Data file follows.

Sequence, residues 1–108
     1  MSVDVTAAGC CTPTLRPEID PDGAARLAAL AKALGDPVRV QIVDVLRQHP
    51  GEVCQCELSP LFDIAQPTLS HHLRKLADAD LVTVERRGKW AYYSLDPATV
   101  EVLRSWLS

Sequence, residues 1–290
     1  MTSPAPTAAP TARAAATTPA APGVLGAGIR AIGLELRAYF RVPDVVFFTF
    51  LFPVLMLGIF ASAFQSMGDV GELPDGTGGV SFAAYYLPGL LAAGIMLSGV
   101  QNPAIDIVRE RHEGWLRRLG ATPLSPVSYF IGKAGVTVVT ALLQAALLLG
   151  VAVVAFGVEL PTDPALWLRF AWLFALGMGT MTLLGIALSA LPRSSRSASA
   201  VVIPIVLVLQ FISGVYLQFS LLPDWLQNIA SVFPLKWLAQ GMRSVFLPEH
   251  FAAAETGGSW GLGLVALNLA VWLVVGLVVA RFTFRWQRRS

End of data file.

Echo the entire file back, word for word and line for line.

Sequence, residues 1–108
     1  MSVDVTAAGC CTPTLRPEID PDGAARLAAL AKALGDPVRV QIVDVLRQHP
    51  GEVCQCELSP LFDIAQPTLS HHLRKLADAD LVTVERRGKW AYYSLDPATV
   101  EVLRSWLS

Sequence, residues 1–290
     1  MTSPAPTAAP TARAAATTPA APGVLGAGIR AIGLELRAYF RVPDVVFFTF
    51  LFPVLMLGIF ASAFQSMGDV GELPDGTGGV SFAAYYLPGL LAAGIMLSGV
   101  QNPAIDIVRE RHEGWLRRLG ATPLSPVSYF IGKAGVTVVT ALLQAALLLG
   151  VAVVAFGVEL PTDPALWLRF AWLFALGMGT MTLLGIALSA LPRSSRSASA
   201  VVIPIVLVLQ FISGVYLQFS LLPDWLQNIA SVFPLKWLAQ GMRSVFLPEH
   251  FAAAETGGSW GLGLVALNLA VWLVVGLVVA RFTFRWQRRS